Secondly, we conducted a multiple-mating competition assay over a 10-day period. Selection line males were housed with spapol females and spapol competitor males. We measured the reproductive success (number of progeny sired) of the males and sampled their mating frequency. We found no overall differences between L, U and S males in the number of matings obtained by selection line males relative to competitor males (χ2 = 4.2, df = 5, p = 0.52; data not shown), showing that there were no detectable differences between treatments in pre-mating competitive ability. However, selection regime had a significant effect on the number of progeny sired. L males sired significantly more offspring than did either U or S males, and there was no significant difference between U and S males in progeny production (Figure 4). Thus, the reproductive success of males paralleled the pattern of differences in AG size, SP production and SP transfer to females (L > U = S). This suggests that males gained significant fitness benefits from the ability to transfer larger quantities of specific Sfps, such as SP. The mechanism for this increased reproductive success is likely to be via the increased transfer of SP and/or other Sfps that elevate egg production, delay the onset of sperm competition and/or function in sperm defence, in the L males. Whilst SP has no direct effect on sperm displacement ability, it benefits males primarily through its ability to decrease female receptivity [18, 19]. This results in a higher ‘per mating’ share of reproduction for males in multiple-mating situations because the inter-mating interval is increased . It is also possible that other Sfps that play roles in sperm defence [23–25] are produced and transferred in higher quantities by the L males. Candidates include Acp36DE which is essential for sperm storage  and consequently for sperm competitive ability , or CG9997, 1652/56, 17575, and Acp29AB which affect sperm retention in storage [28, 29]. The only current antibodies available for these Sfps cross-react with other proteins, thus making their ELISAs difficult to interpret ([30, 31]; L. Sirot, K. Ravi Ram & M. F. Wolfner, unpublished data). However, once highly-specific antibodies are obtained, it will be important to look at quantitative variation in a range of Sfps to explore their effect on post-copulatory sexual selection.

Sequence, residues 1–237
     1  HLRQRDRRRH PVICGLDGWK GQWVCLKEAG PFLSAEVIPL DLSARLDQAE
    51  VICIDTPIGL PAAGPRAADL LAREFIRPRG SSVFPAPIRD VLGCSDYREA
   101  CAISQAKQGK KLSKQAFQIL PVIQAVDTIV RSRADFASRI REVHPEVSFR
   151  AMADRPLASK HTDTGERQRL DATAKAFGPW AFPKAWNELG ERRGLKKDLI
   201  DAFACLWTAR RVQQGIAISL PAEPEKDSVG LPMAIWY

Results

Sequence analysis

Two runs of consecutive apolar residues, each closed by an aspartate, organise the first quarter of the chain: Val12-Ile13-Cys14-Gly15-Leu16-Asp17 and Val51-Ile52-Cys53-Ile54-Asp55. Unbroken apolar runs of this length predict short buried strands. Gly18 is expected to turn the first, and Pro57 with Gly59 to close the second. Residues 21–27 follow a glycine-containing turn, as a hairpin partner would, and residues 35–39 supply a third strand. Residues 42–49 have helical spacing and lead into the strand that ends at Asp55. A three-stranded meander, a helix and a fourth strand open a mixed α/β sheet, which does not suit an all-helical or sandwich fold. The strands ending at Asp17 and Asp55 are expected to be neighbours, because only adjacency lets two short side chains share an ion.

To test whether males can plastically allocate Sfps, we measured the Sfp transfer by AG selection line males that had been exposed to different potential levels of sperm competition. Male social environments were experimentally varied in the 24hrs prior to and including mating. Males experiencing ‘competition’ were housed in pairs, whilst males experiencing ‘no competition’ were housed alone (see Experimental Procedures). This experimental manipulation could vary both sperm competition ‘risk’ and ‘intensity’ [32, 33] and hence we refer to the ‘level’ of sperm competition only.